In Fig. 2, the principle of a voltage pattern at the piezo tubes (piezo 1 and piezo 2) and the resulting motion of the tube during one cycle are shown as function of time. One single cycle can induce a motion in the range between several μm and 100 nm which is ideally suited for coarse approach in scanning probe microscopy. A long stroke, only limited by the length of the tube, and speeds up to ∼1 mm/s are possible. Most other nanopositioners used for tip-sample approach in scanning probe microscopy use the inertial motion with sawtooth-like signals inducing large accelerations causing vibrations in the system. The operation mode of the KoalaDrive is quasi-static (one cycle can even last several seconds) avoiding large accelerations which lead to a continuous motion without shaking. Avoiding steep slope signals means also less demands for the power supply (no high slew rate needed) and for the cabling (no high currents flow).
Movies of the motion of the KoalaDrive measured using an SEM during one cycle of motion are available in the web under www.fz-juelich.de/pgi/pgi-3/koala. These real time movies show the motion of a scanning tunneling microscope (STM) tip attached to the central tube.
The performance of the KoalaDrive can also be seen in graphs showing the motion of the tube induced by a single cycle (step) as function of the amplitude of the excitation voltage shown in Fig. 3. These data were measured by performing several hundreds of steps and simultaneously observing the total distance moved using an optical microscope. Starting from low amplitudes, there is a threshold voltage above which the motion of the KoalaDrive starts. For lower voltages, the extension of the piezo tubes results in a build up of stress in the system, but only beyond the threshold voltage a transition to sliding friction occurs. For amplitudes larger than this threshold voltage, the single step displacement increases linearly with the signal voltage. Due to the smaller piezo constant at low temperatures, the threshold and the slope of the curves decrease for operation at low temperatures. This shows that the KoalaDrive works at cryogenic temperatures (down to liquid helium temperatures). The step sizes range from a minimal step size of ∼100 nm up to several μm depending on the length of the KoalaDrive and the applied voltage. The piezo length indicated in Fig. 3 corresponds to the length of both piezo elements together.
In order to provide a reliable operation, all three springs should have the same spring constants and a careful alignment of the springs with respect to the central tube is important. The reliability of the KoalaDrive has been confirmed by using it in air during a five-day exhibition for 8 h continuously without becoming stuck. This corresponds to more tip-sample approaches that can be reasonably performed with one STM. In UHV, we operate one STM with KoalaDrive coarse approach since two years without any problem.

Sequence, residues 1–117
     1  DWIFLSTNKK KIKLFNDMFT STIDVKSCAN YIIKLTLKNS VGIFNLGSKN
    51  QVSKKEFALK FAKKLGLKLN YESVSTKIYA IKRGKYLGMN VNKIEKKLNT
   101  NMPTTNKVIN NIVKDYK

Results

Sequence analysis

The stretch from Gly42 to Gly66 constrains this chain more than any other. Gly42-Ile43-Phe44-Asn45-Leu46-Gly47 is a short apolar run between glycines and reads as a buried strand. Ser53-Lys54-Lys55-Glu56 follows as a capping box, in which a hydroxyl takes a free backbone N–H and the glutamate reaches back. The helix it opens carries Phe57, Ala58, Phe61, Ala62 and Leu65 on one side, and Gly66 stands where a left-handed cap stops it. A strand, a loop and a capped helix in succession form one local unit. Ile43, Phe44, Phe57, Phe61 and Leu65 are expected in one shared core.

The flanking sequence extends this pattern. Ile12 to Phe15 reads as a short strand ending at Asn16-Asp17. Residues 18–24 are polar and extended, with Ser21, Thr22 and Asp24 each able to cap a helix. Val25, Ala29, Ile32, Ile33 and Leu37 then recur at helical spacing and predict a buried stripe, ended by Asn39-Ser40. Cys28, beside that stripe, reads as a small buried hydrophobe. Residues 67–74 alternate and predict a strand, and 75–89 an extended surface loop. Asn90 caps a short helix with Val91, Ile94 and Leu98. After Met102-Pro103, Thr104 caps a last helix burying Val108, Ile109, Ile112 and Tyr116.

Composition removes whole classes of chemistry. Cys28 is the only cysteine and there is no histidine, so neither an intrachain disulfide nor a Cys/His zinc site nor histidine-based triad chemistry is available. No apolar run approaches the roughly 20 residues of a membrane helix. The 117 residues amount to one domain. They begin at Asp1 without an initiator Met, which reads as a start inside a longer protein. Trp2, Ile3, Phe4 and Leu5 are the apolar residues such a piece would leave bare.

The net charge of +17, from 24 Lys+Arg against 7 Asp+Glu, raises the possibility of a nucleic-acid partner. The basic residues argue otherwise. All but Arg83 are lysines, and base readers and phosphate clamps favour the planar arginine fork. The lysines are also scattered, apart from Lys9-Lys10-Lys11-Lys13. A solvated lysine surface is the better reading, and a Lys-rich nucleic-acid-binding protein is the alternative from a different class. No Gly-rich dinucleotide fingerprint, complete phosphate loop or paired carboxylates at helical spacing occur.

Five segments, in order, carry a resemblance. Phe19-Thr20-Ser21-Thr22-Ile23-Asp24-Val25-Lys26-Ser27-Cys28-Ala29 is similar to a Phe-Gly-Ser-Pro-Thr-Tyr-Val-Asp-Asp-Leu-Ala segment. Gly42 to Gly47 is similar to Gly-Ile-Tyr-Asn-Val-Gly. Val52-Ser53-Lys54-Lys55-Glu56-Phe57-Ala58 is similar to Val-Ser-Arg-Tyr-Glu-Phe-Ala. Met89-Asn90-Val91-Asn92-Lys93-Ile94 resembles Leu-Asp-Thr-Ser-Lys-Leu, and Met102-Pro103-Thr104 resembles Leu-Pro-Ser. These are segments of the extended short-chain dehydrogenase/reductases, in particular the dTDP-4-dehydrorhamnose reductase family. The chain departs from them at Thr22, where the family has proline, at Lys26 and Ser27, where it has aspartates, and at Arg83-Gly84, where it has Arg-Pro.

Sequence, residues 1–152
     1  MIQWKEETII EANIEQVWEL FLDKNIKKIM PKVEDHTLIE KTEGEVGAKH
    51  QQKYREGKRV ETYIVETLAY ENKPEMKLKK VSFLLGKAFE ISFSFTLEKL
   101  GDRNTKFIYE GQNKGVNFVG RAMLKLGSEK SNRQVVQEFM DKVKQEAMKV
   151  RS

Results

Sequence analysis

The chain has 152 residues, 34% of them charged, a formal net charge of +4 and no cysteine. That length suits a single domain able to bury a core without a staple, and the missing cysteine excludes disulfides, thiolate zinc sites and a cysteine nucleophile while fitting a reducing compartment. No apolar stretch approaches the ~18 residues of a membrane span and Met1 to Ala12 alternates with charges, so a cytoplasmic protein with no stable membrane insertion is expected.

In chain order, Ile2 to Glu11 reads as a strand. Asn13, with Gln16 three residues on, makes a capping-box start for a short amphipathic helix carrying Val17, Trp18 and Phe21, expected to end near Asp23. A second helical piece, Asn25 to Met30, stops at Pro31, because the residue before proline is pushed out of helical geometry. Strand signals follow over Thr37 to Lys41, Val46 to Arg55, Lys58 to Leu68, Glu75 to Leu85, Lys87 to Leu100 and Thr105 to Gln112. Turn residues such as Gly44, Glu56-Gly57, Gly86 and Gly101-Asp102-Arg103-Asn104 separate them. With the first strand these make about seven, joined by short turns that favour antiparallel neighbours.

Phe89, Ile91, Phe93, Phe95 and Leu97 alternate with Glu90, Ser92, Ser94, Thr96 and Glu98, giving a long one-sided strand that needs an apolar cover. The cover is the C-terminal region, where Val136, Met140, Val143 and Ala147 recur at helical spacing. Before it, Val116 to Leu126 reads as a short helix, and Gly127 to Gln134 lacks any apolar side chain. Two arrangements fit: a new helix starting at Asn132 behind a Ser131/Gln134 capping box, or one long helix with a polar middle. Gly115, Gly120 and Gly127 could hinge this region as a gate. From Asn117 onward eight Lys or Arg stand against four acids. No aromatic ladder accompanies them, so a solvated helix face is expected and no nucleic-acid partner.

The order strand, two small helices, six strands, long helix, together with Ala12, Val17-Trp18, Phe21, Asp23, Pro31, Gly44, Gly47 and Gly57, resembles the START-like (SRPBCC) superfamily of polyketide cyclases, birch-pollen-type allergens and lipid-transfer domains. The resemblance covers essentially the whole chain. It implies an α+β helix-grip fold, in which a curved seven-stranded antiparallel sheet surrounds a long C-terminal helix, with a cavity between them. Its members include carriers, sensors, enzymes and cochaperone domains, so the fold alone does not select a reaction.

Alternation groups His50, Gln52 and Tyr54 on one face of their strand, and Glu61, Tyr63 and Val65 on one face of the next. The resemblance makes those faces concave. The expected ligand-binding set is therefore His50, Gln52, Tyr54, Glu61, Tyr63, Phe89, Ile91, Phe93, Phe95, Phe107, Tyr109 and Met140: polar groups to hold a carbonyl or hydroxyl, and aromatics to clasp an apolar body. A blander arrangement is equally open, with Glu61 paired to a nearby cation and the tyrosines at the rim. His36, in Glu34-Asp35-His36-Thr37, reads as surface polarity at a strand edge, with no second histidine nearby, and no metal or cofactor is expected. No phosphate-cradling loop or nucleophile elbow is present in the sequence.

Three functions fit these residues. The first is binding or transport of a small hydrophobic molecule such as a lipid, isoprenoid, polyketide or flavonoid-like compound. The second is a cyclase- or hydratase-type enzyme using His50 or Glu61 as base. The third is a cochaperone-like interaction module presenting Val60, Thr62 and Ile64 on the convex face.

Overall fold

III. THE KOALADRIVE STM
In the next step, the KoalaDrive can be used to build an ultracompact STM. The KoalaDrive is used for the tip-sample coarse approach and is integrated into a segmented (scanning) tube piezo element used for the xyz-scanning fine motion as shown in Fig. 4(a). The STM is completed by attaching a tip (plus tip holder) to the central tube and an outer frame, which holds the sample in Fig. 4(a). Since the coarse approach mechanism is integrated into the piezoelectric tube scanner, no extra space for the coarse approach is required. Thus, this design leads to a minimal size STM. In this way, a complete STM scanner can be integrated inside a 4 mm outer diameter piezo tube of <10 mm length. In Fig. 4(b), a photograph of an actual KoalaDrive STM is shown. The use of the KoalaDrive makes the scanning probe microscopy design ultracompact and leads accordingly to a high mechanical stability. An unfiltered STM image of the Si(111)-(7×7) surface taken with a KoalaDrive STM is shown in Fig. 5(a) and a corresponding line scan through the line in Fig. 5(a) is shown in Fig. 4(b). The advantages of the KoalaDrive are utilized fully in the design of an ultracompact four-tip STM using the KoalaDrive with an outer diameter of 50 mm which we test currently.
We have shown that the development of a new type of piezoelectric motor serves as the basis for ultracompact scanning probe microscopes. The KoalaDrive is the heart of our ultraminiature STMs enabling coarse positioning steps between 100 nm and 4 μm at room temperature. The KoalaDrive can tap its full potential for the miniaturization for the case of multi-tip scanning probe instruments. Apart from the size, the unique features of the Koaladrive are the smooth travel without sawtooth signal also in combination with the low temperature, vacuum, and magnetic field compatibility.